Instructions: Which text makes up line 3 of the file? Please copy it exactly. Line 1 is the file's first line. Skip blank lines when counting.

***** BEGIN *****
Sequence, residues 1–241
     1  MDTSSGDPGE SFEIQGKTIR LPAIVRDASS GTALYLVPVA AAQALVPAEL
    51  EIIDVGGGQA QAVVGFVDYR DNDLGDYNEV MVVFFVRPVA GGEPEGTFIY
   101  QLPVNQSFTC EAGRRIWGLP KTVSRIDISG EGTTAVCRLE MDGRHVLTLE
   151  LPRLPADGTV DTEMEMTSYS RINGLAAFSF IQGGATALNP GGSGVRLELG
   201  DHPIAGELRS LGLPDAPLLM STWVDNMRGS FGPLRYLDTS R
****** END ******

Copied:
    51  EIIDVGGGQA QAVVGFVDYR DNDLGDYNEV MVVFFVRPVA GGEPEGTFIY